The Bregenz Festival looks east
Two tragic female tales in Japan and Siberia
Bregenz, 7.7.22. Director Andreas Homoki calls the artists onto the lake stage twice a day. The rehearsals are still being conducted without costumes, the music still comes from a piano. And for the moment there are no projections on the stage, which is shaped like an oversized sheet of paper. But on Saturday the “Japanese tragedy” will be played through fully staged and fully lit for the first time in the final piano rehearsal. Then from Monday the Vienna Symphony Orchestra will join the rehearsals on the lake stage, as piece by piece the production is pieced together like an artistic mosaic.
“Madame Butterfly is grand opera, and in Puccini even a chamber drama is always grand. I’d like to show the relationships between the characters in a believable way, even – or especially – over the big spatial distances of the lake stage,” Andreas Homoki says.
The piece of paper floats peacefully on Lake Constance. Its undulating, crumpled surface suggests long exposure to the elements. It looks frail and delicate, as though it could easily tear. Like the soul of the Japanese geisha Cio-Cio-San, called Madame Butterfly. In two weeks’ time, after five years of preparation, Madame Butterfly will premiere on the lake stage at Bregenz. It’s the first time the Giacomo Puccini opera has been performed at the festival. The stage set was designed by Michael Levine, the costumes by Antony McDonald. Enrique Mazzola and Yi-Chen Lin conduct the Vienna Symphony Orchestra.
189,000 seats on 26 evenings
Currently about 90 percent of the nearly 189,000 seats available for Madame Butterfly have been sold. The lake stage production opens the 76th season of the Bregenz Festival on 20 July and is set to play on 26 nights altogether (including the dress rehearsal and crossculture night). The final performance on 21 August will bring the festival to a close. The total number of seats available for Bregenz Festival events this summer is just under 220,000.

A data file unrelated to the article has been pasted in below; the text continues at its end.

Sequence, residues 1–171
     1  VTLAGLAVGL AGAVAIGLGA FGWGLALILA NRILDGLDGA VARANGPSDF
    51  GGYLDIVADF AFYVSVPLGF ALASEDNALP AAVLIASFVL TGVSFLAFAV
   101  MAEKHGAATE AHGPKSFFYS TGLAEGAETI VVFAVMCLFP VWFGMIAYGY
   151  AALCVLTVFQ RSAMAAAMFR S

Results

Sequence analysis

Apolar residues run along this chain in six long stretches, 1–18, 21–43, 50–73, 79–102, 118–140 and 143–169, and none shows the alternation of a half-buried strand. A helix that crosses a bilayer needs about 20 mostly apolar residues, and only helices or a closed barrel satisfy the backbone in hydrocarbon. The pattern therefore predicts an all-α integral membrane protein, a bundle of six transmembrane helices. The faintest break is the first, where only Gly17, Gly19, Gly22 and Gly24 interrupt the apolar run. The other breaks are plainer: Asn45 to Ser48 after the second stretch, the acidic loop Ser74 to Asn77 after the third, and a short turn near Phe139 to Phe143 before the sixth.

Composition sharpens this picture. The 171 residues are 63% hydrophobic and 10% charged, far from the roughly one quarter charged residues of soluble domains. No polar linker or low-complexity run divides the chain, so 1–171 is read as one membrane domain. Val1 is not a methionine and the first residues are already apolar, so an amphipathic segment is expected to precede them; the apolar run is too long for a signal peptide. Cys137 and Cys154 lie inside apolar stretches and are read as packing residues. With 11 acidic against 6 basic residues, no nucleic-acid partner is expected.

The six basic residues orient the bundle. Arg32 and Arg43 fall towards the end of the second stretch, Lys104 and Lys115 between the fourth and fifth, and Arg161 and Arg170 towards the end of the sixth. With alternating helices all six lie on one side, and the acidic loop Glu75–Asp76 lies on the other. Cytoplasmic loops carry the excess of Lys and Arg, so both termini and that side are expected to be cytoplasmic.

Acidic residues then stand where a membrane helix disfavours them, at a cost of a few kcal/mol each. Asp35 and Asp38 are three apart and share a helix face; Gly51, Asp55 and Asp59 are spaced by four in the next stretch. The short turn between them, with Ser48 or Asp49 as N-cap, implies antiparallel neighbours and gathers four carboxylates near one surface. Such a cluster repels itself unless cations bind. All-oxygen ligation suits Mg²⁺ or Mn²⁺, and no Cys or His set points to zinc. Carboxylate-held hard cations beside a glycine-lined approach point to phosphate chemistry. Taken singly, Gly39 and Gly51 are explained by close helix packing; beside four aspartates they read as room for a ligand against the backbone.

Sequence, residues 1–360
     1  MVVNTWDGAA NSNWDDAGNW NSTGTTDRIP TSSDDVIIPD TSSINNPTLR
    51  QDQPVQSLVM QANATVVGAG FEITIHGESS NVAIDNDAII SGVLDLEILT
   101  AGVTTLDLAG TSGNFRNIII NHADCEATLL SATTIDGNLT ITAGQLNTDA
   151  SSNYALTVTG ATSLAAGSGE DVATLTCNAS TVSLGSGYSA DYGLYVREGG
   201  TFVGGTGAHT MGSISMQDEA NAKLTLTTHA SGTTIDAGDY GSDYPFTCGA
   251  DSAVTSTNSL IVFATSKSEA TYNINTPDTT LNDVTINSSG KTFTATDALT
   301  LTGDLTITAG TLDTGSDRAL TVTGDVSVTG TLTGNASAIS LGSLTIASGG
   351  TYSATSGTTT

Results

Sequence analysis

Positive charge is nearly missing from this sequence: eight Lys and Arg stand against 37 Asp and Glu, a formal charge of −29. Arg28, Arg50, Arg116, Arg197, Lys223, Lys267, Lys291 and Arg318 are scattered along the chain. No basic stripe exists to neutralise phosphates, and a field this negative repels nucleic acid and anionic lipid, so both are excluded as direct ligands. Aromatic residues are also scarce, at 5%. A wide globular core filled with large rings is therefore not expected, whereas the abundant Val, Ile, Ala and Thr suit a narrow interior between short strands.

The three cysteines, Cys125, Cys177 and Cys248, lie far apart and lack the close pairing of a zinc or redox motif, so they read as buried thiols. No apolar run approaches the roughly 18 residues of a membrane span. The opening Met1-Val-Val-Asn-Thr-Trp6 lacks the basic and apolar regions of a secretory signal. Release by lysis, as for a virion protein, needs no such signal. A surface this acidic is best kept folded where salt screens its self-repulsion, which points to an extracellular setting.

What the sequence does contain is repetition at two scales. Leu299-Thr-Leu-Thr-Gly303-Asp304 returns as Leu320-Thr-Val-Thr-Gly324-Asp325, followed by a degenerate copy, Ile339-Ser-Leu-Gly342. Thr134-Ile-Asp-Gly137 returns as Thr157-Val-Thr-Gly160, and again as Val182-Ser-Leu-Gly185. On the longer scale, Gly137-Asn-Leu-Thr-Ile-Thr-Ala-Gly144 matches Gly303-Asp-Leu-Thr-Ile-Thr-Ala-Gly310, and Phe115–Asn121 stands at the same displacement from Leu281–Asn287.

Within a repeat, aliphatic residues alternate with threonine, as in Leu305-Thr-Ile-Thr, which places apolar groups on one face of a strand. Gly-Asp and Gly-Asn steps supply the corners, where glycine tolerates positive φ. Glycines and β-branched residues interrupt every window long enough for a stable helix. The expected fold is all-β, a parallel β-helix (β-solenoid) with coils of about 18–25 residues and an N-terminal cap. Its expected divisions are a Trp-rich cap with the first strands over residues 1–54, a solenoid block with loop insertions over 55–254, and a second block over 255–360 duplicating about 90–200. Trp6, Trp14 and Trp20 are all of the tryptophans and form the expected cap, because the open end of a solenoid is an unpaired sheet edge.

A love that ends tragically – at the Festspielhaus, too
A powerfully emotional opera with big choral scenes and Russian local colour awaits visitors to the Festspielhaus: Siberia by Umberto Giordano. The opera was first staged at La Scala Milan in 1903 instead of the scheduled premiere of Madame Butterfly, which had to be postponed. Siberia premieres at the Festspielhaus on 21 July, with two more performances to follow. It will be directed by Vasily Barkhatov and the Vienna Symphony Orchestra conducted by Valentin Uryupin, who Bregenz audiences will remember from the Opera Studio production of Eugene Onegin.
As in Madame Butterfly the central figure – the courtesan Stephana – is a woman whose love for a man ends tragically. The Russian born stage director has set the story in two worlds, on two narrative levels: in the 1990s an old woman looks back on the events of an earlier time in flashbacks. “The old woman is a character I invented and added to the story in order to bridge the distance between Giordano’s music on the one hand and external historical events on the other.”
Two female central characters on the lake stage and at the Festspielhaus, two pieces of experimental music theatre at the Workshop Theatre, two classic stage plays and for the first time two Opera Studio productions in the same season, not to mention large and small format concerts of the highest calibre: the 2022 Bregenz Festival season offers a rich and varied, five week long programme for more than 200,000 guests.
The 2022 Bregenz Festival runs from 20 July to 21 August. For tickets and information please visit www.bregenzerfestspiele.com or call 0043 5574 4076.